Further muddying the waters, in an entirely separate development, Nicholas Brown (a PhD candidate in health psychology at UMC Groningen) and James Heathers (an applied physiologist at Northeastern University in Boston) recently found a series of statistical errors in the Shaw and Porter paper. However, the errors do not alter the headline findings. Shaw has issued a correction that’s due for publication and she says the errors were simply caused by rounding values imprecisely using Microsoft Excel and missing cells in the spreadsheet when conducting calculations. Brown and Heathers discovered the errors while developing their GRIM technique for detecting statistical anomalies in psychology research. When they applied their technique to 71 recent studies, including the Shaw and Porter paper, they found half appeared to contain at least one inconsistent result.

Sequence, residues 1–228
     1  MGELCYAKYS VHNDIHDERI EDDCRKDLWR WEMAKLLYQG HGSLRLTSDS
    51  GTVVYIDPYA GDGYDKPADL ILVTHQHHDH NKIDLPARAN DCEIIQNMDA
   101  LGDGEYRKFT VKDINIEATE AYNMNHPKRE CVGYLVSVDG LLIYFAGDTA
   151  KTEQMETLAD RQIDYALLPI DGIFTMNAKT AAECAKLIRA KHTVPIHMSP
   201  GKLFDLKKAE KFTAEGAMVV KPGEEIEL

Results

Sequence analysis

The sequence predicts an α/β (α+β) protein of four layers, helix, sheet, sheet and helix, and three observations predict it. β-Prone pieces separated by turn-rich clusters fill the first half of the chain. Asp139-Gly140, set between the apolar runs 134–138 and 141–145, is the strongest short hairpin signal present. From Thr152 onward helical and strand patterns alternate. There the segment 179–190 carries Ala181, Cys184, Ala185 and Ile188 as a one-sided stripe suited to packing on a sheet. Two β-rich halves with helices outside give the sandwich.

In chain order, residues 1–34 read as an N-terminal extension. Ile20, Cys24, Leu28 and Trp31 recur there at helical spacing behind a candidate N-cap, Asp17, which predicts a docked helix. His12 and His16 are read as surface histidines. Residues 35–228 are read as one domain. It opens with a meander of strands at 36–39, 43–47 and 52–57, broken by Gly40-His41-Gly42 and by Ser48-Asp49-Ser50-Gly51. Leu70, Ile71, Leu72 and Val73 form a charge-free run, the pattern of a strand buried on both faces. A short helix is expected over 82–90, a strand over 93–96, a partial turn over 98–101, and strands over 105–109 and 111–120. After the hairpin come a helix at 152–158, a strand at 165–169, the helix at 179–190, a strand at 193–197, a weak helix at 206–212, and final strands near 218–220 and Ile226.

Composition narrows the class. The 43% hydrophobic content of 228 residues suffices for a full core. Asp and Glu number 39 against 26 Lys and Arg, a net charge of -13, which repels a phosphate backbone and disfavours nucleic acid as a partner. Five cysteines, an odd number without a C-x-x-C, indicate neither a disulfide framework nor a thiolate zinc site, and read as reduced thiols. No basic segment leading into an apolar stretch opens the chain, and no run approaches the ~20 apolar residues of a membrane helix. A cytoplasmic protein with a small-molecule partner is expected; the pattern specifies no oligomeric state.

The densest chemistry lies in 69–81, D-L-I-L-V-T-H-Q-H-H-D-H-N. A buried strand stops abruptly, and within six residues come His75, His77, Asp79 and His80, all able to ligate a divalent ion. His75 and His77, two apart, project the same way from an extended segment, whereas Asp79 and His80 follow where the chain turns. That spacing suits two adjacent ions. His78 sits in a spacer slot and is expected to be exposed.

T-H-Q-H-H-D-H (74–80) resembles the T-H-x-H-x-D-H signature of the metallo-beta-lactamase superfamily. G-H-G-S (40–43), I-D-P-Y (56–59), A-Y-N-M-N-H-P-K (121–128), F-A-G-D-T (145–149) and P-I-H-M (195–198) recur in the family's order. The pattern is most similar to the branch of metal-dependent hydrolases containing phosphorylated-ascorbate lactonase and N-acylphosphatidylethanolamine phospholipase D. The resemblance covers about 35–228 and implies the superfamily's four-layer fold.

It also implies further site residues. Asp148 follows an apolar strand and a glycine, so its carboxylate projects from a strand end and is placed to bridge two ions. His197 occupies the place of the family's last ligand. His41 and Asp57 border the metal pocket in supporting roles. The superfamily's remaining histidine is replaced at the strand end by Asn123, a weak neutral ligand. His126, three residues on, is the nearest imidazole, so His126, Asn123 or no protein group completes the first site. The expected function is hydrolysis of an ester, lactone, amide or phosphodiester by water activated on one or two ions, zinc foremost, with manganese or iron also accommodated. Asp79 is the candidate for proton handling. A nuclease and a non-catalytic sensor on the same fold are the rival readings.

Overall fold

Deconstructing Rich False Memories of Committing Crime: Commentary on Shaw and Porter (2015)

    Constructing Rich False Memories of Committing Crime

    simon-head-shotPost written by Simon Oxenham for the BPS Research Digest. Simon covers psychology and neuroscience critically in his Brain Scanner column at New Scientist. Follow @simoxenham on TwitterFacebook and Google+RSS or on his mailing list.

    in The British Psychological Society - Research Digest on February 15, 2018 07:45 AM.

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    Elsevier at #AAASmtg: live updates with Women in Science winners

    5 researchers from developing countries are preparing to accept OWSD-Elsevier Foundation Awards for their work in the physical sciences

    in Elsevier Connect on February 15, 2018 04:18 AM.

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    The neuroscience of the gut-brain connection (Part 1)

    Coloured scanning electron micrograph of Escherichia coli, grown in culture (CC BY 2.0)


    This is the first post in a series exploring the neurobiology of the gut-brain connection published in partnership with neuroscientist Dr Amy Reichelt.